In a boisterous commencement ceremony Thursday morning in the BankUnited Center, law students joined undergraduates, master degree candidates and doctoral candidates from across the University of Miami campus to pick up their hard-earned degrees. Graduates were recognized by name as they walked across the stage to be congratulated by President Donna E. Shalala and their respective deans as applause rang through the cavernous hall.
In all, approximately 850 students earned degrees, although not all could be present for the occasion. Fifty-nine students — six of whom earned joint degrees — were honored by the School of Law. As is customary, the musical high point was a performance of Edward Elgar's "Pomp and Circumstance," and the crowd was treated also to a rendition of "Alma Mater" by the singer Jillian Staffiera, a student at the Phillip and Patricia Frost School of Music. The Advice to Graduates speech was given by broadcast journalist Jacqueline F. Nespral, AB '89, a former president of the University of Miami Alumni Association. Miami Law's outstanding graduates included:
Alvarez, who received a joint J.D. and M.B.A. degree, is the owner and founder of PrepSmart, a private tutoring company. His joint degree, he said, "has given me another perspective and has taught me some really valuable lessons for my business."
During his time at Miami Law, Alvarez also worked as a law fellow at The Launch Pad, a resource at the University of Miami that offers career guidance and advice to entrepreneurs, innovators and inventors. Additionally, he served as a clerk in the law office of Jorge A. Fernandez. Alvarez plans to take the Florida Bar in February and then devote himself to his company.
The articles and comments editor of the University of Miami Law Review, Smith received a joint J.D. and LL.M. in Taxation degree. Smith, who served as a research assistant for Miami Law Professors Elliott Manning, James Nickel, and Stephen Schnably, interned at the IRS Office of Chief Counsel, one of his favorite experiences during his time here. He also served as a judicial intern at the Southern District of Florida for the Hon. John J. O'Sullivan.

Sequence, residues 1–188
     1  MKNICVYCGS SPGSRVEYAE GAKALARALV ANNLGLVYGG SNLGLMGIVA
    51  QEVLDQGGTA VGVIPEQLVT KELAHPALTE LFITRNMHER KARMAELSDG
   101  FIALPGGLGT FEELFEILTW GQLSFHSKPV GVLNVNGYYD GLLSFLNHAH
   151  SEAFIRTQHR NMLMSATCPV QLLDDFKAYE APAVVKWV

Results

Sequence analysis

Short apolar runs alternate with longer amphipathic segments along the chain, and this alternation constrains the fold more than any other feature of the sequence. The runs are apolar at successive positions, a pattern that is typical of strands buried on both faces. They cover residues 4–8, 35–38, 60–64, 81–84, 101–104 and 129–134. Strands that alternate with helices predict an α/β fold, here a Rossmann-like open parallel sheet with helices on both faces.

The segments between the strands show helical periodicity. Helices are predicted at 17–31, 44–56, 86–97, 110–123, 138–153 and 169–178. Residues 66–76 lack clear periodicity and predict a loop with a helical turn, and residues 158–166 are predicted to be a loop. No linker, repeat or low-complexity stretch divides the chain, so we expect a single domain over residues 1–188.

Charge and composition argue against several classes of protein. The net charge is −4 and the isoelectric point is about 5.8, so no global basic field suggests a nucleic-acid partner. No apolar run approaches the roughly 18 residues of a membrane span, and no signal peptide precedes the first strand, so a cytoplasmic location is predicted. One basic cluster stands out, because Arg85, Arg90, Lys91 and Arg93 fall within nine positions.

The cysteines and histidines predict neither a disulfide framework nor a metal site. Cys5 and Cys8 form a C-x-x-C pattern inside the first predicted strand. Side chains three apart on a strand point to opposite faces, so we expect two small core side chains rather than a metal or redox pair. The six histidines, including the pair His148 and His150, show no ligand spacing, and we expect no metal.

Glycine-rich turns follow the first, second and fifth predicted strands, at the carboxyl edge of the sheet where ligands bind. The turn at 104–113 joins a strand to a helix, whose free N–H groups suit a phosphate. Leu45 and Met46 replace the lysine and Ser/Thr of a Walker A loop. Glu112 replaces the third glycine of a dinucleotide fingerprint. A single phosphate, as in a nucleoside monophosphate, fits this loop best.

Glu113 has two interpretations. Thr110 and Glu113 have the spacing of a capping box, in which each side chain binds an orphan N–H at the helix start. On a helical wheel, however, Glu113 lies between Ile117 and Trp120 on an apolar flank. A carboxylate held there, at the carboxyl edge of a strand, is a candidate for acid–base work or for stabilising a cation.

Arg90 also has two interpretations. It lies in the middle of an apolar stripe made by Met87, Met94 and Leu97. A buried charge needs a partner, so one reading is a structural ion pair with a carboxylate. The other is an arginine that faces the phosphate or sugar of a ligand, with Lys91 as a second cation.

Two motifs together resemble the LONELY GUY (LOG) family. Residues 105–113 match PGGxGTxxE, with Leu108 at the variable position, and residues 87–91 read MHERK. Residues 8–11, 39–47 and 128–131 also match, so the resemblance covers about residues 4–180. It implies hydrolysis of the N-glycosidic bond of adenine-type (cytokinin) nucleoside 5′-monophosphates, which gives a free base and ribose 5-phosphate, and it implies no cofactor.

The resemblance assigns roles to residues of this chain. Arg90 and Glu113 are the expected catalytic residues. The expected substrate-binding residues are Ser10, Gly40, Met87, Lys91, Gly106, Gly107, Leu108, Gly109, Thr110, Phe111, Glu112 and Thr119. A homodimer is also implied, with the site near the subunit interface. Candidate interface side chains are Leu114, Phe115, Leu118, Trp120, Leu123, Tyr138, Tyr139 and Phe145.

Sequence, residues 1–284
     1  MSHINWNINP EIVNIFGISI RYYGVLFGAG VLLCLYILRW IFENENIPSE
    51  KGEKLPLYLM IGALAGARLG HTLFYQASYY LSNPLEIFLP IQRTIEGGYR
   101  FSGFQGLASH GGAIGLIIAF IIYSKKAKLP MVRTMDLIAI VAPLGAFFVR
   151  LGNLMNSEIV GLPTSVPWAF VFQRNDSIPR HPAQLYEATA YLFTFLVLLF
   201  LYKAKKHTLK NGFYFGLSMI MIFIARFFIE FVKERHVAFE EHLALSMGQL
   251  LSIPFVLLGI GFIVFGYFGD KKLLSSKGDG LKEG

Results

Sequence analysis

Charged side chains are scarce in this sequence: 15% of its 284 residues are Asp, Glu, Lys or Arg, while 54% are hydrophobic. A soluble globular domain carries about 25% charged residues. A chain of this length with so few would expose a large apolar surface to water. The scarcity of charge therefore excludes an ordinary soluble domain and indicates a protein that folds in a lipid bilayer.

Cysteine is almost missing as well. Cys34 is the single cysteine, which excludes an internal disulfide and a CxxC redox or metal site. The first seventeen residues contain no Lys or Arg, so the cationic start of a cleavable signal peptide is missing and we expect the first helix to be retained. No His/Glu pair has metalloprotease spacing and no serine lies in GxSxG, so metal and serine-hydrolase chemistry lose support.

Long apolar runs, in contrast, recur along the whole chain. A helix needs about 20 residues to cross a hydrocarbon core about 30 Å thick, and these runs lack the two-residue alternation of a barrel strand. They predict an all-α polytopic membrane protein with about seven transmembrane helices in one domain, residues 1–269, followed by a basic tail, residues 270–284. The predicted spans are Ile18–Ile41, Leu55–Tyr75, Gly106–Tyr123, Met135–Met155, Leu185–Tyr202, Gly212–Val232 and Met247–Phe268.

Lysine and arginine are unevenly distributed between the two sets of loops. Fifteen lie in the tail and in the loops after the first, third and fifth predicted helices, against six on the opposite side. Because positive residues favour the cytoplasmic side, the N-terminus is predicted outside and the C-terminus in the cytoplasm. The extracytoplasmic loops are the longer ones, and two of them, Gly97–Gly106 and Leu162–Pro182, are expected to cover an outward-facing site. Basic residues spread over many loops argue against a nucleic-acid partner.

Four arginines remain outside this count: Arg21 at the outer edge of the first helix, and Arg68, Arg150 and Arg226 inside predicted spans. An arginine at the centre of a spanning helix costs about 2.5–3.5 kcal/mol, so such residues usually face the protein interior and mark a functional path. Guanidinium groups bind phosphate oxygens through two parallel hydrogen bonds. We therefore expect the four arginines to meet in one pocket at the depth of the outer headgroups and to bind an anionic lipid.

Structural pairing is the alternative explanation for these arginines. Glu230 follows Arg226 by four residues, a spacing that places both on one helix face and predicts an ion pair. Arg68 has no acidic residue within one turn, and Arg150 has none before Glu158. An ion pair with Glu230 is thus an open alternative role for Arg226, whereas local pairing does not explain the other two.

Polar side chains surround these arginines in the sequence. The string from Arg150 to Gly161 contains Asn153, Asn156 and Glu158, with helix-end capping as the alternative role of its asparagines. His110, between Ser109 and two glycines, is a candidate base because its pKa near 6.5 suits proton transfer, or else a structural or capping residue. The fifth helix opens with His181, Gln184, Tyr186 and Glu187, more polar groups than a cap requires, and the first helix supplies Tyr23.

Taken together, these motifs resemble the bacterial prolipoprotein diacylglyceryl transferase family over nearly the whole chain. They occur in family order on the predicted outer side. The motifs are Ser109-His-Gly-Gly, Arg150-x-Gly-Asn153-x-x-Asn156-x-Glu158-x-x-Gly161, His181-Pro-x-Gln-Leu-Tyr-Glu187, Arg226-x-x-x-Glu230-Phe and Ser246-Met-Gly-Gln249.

Smith said he enjoyed working as a reporter at the American Bar Association's U.S.-Latin American Tax Planning Strategies conference and having his article published in Practical Latin American Tax Strategies. Another article by Smith, titled "Quill by Affiliation," is to be published in the upcoming University of Miami Law Review. Smith benefited from the joint degree because, he said, "I learned a lot from a bunch of incredibly well-respected professors."
Tufts received a joint J.D. and LL.M. in Taxation degree this week. Tufts, who was a member of the Entertainment and Sports Law Society and Wrongful Convictions, decided to attend Miami Law because he knew, he said, that "the culture and environment of Miami could provide me with great opportunities to use and develop my Spanish-speaking skills."
Signing up for the joint-degree program proved to be the most rewarding thing Tufts did here. "Participating in the joint degree was the best experience in law school," he said. "Every day you are challenged by the country's leading experts in the field of taxation in an environment that is highly competitive and intellectually stimulating. The experience far exceeded my expectations, and I am honored to graduate with both degrees."
Fuhrman, who received a joint J.D. and M.B.A. degree, is passionate about politics. During his undergraduate years at Florida State University, Fuhrman interned with Senator Bill Nelson. After graduating, he went to work in the fundraising department of the John Kerry for President campaign. After that, he served as project director for Miami Green, Florida's first U.S. Green Building Council LEED-certified high-rise development. At Miami Law, Fuhrman was vice president of the Democratic Law Students Association and vice president of the Irish-American Law Students Association.
Fuhrman enjoyed his time at Miami Law, especially immersing himself in the joint-degree program. "Both programs have tremendous faculty to learn from and talented and energetic students to work with," he said. After the ceremony, the Law School hosted an elegant reception for graduates and their families at the Lowe Art Museum.